By Muktar Tahir
The energy thematic group of the Tertiary Education Trust Fund, TETFund’s Research and Development Standing Committee, RDSC, has said that Nigeria needs 11,500MW power generating capacity to attain Africa’s average in electricity generation.
The coordinator of the group, Prof. Abubakar S. Sambo stated this on Tuesday while delivering his keynote address on the theme: ‘Institutionalisation of Research and Development in Nigeria’s Energy Sector’, via zoom, the 3rd in its global engagement series on the Paradigm Shift.
RDSC, under the chairmanship of Emeritus Prof. N.M Gadzama, is a TETFund’s initiative aimed at bridging the gap between academia and the industry by promoting problem-solving researches and encouraging partnership with the industry.
While lamenting that Africa is the only continent with the worst energy poverty in the world, Mr Sambo disclosed that about 600million Africans are living without access to electricity.
In the case of Nigeria, the coordinator said the country has about 13,000MW of installed generation capacity of electricity but fails to harness same due to myriads of challenges.
According to him, in 2019, International Energy Agency statistics has put Nigeria’s power generating capacity at 7,500MW, representing 62% in relation to Mauritius and Tunisia which all have about 100% access to electricity.
He, however, said that Egypt, South Africa, and Ghana have 99.8%, 94% and 83% of electricity access respectively.
While enumerating the challenges militating against efficient power supply in Nigeria, Mr Sambo described constraints in the supply of natural gas to the power plants as one of them.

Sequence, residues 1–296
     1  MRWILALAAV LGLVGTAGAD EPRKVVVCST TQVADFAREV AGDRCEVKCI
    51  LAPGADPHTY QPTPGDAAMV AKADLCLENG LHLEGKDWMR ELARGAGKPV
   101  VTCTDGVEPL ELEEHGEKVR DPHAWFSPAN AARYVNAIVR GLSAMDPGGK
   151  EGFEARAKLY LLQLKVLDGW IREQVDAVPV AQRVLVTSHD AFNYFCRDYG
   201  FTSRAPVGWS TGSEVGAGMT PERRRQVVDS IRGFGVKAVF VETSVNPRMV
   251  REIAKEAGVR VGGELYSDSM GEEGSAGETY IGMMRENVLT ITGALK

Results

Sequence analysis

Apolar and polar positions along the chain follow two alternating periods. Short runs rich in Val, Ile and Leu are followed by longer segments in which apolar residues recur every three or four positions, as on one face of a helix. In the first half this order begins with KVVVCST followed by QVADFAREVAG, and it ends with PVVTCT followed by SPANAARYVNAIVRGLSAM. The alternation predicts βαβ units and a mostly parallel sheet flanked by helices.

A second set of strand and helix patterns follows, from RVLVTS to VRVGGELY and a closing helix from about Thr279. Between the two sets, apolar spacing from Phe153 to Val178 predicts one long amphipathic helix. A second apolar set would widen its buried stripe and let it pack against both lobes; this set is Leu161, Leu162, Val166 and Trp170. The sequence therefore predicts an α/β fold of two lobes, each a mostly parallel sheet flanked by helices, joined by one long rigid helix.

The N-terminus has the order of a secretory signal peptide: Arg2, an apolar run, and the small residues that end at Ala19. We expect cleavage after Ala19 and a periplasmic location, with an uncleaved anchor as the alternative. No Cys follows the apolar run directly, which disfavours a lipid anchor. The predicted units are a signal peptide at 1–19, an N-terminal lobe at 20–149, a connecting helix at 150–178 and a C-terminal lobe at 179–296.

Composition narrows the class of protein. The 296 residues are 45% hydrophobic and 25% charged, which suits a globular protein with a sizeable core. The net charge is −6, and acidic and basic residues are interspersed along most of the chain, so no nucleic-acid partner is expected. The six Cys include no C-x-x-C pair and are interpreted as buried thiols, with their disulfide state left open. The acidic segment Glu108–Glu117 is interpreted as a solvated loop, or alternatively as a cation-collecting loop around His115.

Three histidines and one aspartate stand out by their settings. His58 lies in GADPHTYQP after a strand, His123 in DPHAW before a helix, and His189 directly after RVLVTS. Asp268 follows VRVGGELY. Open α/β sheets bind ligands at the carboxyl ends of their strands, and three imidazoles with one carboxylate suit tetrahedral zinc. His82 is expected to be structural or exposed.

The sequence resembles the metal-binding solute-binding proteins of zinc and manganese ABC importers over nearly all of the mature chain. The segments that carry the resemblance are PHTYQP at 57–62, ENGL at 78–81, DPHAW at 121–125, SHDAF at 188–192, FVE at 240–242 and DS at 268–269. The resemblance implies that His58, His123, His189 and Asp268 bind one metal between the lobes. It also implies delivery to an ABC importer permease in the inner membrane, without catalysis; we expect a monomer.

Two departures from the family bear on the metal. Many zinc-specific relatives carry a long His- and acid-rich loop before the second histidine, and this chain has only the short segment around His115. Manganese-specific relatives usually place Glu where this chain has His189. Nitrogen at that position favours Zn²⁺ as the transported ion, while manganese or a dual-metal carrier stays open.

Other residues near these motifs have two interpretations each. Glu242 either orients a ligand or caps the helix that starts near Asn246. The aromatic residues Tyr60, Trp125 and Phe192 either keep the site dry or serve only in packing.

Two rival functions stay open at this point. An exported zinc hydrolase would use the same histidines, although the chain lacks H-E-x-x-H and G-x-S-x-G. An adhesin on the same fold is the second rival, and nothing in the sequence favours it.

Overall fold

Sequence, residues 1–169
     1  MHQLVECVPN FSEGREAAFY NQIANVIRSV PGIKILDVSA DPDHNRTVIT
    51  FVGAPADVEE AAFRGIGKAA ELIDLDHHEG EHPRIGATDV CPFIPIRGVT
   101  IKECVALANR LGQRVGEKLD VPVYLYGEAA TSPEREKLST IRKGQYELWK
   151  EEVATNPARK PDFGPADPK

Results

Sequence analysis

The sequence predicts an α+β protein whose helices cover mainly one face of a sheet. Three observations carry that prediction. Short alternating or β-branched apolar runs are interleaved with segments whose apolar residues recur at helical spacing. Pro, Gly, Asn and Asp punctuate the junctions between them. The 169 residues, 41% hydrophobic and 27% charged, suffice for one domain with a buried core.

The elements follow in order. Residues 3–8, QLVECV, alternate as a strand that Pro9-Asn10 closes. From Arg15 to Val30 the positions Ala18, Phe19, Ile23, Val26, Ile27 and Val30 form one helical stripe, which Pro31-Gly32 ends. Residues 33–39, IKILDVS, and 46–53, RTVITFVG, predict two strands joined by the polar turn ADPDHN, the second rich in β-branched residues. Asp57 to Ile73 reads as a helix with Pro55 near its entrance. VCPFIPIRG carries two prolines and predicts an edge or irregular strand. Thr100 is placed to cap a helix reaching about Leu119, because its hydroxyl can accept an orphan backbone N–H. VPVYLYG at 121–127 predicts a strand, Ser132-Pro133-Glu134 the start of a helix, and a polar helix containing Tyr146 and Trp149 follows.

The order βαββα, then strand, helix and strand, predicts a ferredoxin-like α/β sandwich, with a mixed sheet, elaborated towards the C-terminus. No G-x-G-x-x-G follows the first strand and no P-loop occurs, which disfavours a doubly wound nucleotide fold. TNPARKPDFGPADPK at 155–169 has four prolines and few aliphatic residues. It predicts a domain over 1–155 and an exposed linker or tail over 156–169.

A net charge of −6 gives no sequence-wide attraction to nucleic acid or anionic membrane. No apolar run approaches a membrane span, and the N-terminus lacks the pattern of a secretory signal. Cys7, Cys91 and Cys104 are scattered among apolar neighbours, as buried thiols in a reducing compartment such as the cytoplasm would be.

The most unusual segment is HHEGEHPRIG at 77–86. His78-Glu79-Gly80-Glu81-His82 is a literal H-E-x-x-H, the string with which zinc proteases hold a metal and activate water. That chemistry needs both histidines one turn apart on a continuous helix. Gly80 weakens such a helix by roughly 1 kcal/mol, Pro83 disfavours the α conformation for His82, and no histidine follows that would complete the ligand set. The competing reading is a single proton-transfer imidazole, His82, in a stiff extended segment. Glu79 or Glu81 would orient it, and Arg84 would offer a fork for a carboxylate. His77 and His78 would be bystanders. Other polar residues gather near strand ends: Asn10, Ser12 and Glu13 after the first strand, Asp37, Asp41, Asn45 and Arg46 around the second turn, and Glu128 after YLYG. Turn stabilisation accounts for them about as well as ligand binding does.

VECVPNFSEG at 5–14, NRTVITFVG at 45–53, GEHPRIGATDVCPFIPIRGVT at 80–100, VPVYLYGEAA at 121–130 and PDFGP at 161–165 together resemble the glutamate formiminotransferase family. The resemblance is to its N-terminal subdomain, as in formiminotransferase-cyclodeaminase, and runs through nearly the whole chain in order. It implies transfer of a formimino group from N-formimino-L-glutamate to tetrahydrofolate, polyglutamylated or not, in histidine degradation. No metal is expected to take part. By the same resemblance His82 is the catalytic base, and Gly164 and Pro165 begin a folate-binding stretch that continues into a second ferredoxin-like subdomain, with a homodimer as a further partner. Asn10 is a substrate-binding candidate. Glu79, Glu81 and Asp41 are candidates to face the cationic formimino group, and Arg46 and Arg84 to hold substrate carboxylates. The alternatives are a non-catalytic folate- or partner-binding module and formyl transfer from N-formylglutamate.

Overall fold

He said: “More than 25% of the nation’s current power plant capacities are gas-fired and their major complaint is that they do not get the quantity and quality of gas they needed.”
Mr Sambo added that recent studies have shown that there are significant wastages in the supply and consumption of electricity in the country.
The coordinator added that, “vandals often steal electricity cables, transformers and other items, while some consumers make illegal connections and by-pass meters, thereby stealing electricity.”
To make the matters worse, according to him, the Transmission Company of Nigeria, TCN, lacks adequate funds to strengthen and expand the National Grid to be able to wheel all the electricity generated in the country.
Mr Sambo, therefore, called for the expansion of the energy mix for generating electricity by using all viable energy sources.
According to him, doing so will lead to an enhanced level of electricity supply security which large-scale industries always look for before establishing their plants in a country.
While proffering medium-term solutions to the dwindling power supply in the country, the coordinator advised that within the next one to three years, the Federal Government should develop smart meters and their use in payments of electricity.
He added that there should be the development of sensors and cameras to protect energy infrastructure against vandalism and theft of power components.
Mr Sambo said the Federal Government should “development of strategies for the local production of commonly consumed power and energy system components like transformers, feeder mills, meters, solar modules, inverters, charge controllers, deep charge batteries and drives for electric vehicles.
“The 5MW SERC, 7.5 MW NASENI and the 40MW Borno State solar PV modules production plants, and other energy components already being manufactured in Nigeria should be integrated into this initiative.
“Designing and implementing household and industrial projects should be done to entrench energy efficiency and conservation.”
He added that the government should equally commence cutting edge research and development in several emerging technologies for energy production including Fuel Cells Technology, Algae Synthesized Biofuel for enhanced Energy Mix.